The cabinet features many panels and doors beyond those opened for display. To give visitors a look inside the cabinet and help them understand the details of its decoration and construction, The Getty asked Dynamic Diagrams to create an interactive 3D model of the artifact.
Working closely with Getty curators and media professionals, we used a comprehensive set of photographs to build the model and apply surface details. We then coded our application to import text and zoomable images from an external source, allowing Getty staff full control over the descriptions and detail views that accompany the model.
Our application is presented in the gallery on a touchscreen display, as seen at right in this photo from the Daily News of Los Angeles.
May 11, 2010, 10:46 am
By Lisa Agustin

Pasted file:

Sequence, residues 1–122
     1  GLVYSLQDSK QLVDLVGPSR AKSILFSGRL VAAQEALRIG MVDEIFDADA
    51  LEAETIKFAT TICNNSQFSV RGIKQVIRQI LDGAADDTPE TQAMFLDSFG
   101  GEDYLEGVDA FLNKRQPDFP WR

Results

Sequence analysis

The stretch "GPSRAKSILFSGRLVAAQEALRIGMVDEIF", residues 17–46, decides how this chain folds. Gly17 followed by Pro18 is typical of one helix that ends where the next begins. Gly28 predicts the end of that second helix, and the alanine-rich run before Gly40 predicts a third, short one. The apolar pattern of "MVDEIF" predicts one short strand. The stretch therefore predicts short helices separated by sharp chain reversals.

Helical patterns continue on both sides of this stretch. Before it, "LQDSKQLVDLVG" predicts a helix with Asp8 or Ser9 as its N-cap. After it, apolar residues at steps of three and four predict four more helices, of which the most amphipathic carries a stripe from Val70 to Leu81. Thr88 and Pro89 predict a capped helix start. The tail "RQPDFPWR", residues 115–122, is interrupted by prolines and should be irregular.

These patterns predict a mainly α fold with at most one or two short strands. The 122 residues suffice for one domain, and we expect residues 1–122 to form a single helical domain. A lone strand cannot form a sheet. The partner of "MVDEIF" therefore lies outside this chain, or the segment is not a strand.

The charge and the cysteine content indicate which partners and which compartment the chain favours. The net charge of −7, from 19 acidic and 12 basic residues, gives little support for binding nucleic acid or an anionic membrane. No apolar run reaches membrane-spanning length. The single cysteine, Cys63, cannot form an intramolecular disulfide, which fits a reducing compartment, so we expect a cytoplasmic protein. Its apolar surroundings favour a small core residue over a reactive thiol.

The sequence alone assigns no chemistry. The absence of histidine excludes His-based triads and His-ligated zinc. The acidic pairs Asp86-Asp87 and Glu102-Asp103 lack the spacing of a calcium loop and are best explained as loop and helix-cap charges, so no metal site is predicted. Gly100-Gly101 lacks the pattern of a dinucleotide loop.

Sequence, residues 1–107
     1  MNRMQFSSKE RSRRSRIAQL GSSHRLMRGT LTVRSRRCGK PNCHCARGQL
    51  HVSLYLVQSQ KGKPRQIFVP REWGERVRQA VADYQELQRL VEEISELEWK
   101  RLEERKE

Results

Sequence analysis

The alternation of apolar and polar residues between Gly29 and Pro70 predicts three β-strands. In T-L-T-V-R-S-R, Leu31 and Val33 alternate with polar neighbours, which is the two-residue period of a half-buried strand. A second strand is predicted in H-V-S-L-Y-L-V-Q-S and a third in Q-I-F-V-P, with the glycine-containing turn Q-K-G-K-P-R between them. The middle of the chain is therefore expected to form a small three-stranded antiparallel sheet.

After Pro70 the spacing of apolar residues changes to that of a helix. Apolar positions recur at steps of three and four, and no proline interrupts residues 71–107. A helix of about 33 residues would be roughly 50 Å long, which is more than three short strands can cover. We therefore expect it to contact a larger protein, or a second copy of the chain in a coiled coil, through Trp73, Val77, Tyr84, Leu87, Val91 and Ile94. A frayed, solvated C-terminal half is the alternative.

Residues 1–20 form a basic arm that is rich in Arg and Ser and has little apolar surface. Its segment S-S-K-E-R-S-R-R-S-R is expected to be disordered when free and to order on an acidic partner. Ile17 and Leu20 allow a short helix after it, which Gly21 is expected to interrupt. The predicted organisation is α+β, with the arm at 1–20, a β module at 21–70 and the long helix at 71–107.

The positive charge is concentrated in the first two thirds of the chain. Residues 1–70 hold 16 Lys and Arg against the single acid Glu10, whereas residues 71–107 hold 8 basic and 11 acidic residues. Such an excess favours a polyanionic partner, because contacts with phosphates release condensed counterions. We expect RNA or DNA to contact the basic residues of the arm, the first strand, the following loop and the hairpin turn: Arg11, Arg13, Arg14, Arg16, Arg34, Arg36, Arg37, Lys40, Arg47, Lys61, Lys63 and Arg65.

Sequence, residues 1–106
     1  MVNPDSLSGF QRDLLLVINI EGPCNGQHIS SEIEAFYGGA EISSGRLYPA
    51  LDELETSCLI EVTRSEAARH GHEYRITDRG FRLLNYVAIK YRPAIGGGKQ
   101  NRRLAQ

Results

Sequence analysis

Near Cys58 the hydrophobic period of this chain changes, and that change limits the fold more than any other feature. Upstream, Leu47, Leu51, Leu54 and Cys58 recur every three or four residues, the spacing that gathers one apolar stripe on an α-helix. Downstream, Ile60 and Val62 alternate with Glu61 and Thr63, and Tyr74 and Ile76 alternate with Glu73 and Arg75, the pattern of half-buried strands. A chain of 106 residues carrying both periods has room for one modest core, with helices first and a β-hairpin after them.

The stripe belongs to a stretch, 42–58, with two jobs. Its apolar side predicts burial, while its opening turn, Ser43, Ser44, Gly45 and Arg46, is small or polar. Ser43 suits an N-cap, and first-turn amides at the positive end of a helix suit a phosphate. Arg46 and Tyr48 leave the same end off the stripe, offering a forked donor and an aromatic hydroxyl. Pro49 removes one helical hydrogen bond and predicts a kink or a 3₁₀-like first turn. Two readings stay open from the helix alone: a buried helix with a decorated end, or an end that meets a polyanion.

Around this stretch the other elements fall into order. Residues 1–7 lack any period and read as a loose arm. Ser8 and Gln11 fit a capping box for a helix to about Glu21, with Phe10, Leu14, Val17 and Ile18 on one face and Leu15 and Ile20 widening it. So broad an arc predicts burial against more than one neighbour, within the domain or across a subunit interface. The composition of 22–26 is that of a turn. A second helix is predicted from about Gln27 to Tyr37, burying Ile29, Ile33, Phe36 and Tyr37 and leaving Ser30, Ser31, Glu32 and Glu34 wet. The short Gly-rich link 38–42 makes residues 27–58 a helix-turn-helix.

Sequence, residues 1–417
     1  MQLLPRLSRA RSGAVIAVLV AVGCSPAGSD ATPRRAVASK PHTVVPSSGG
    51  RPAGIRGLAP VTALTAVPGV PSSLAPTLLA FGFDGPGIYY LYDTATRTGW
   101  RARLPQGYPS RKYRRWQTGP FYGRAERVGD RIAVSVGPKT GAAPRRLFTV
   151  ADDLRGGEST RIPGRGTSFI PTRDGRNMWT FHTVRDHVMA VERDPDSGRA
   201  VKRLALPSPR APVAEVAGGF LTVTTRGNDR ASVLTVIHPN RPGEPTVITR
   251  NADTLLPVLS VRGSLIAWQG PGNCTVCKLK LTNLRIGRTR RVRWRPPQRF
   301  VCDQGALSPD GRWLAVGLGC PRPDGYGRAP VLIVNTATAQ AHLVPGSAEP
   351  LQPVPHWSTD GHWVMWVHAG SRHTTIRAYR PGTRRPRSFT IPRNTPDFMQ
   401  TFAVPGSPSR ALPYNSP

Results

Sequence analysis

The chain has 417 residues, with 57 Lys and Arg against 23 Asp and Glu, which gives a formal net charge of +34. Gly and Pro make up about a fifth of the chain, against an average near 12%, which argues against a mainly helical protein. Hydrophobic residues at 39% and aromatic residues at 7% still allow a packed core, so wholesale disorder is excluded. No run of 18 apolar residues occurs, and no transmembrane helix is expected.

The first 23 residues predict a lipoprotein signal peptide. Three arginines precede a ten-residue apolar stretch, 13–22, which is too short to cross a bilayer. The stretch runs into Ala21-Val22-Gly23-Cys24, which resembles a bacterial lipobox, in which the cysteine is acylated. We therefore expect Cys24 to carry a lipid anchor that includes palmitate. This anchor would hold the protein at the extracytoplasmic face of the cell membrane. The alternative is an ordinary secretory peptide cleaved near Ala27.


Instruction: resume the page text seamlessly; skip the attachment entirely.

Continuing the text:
Whenever a new disease emerges, web sites for the World Health Organization (WHO) and Centers for Disease Control and Prevention (CDC) become the go-to for the latest on epidemiology and the global implications of a given threat. But “informal surveillance sources” like Internet news sites and direct reports from individuals are becoming increasingly important for identifying early outbreaks of diseases, according to a report in the latest issue of The New England Journal of Medicine. Such is the case with HealthMap (shown above), an interactive disease-tracker created as part of the Journal’s H1N1 Influenza Center. So far, the site has collected 87,000 reports (both formal and informal) to monitor the spread of the H1N1 virus. The wealth of data collected through HealthMap enabled researchers to follow the pandemic’s spread both geographically and across a given timeframe, while enabling new areas of investigation. For example, the report’s authors compared a country’s lag time between identifying suspected and confirmed cases with its 2007 national gross domestic product. (A side note: Crowdsourcing for the greater good isn’t new; the Ushahidi platform was initially developed to map both formal and informal reports of violence in Kenya after the post-election fallout at the beginning of 2008, and has since been used to monitor federal elections in Mexico, the spread of H1N1, and relief activity in post-earthquake Haiti.)